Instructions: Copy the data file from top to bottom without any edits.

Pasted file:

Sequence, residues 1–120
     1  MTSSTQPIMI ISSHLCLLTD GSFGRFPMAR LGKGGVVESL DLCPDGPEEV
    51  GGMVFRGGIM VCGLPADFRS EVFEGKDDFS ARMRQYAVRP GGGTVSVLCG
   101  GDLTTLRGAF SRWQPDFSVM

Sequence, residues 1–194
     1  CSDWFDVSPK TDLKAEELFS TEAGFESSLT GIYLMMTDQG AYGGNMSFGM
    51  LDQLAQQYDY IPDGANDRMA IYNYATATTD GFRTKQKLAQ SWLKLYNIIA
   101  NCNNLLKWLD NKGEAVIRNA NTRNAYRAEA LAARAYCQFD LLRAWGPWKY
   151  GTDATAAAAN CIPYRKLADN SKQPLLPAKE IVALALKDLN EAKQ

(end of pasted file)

Sequence, residues 1–120
     1  MTSSTQPIMI ISSHLCLLTD GSFGRFPMAR LGKGGVVESL DLCPDGPEEV
    51  GGMVFRGGIM VCGLPADFRS EVFEGKDDFS ARMRQYAVRP GGGTVSVLCG
   101  GDLTTLRGAF SRWQPDFSVM

Sequence, residues 1–194
     1  CSDWFDVSPK TDLKAEELFS TEAGFESSLT GIYLMMTDQG AYGGNMSFGM
    51  LDQLAQQYDY IPDGANDRMA IYNYATATTD GFRTKQKLAQ SWLKLYNIIA
   101  NCNNLLKWLD NKGEAVIRNA NTRNAYRAEA LAARAYCQFD LLRAWGPWKY
   151  GTDATAAAAN CIPYRKLADN SKQPLLPAKE IVALALKDLN EAKQ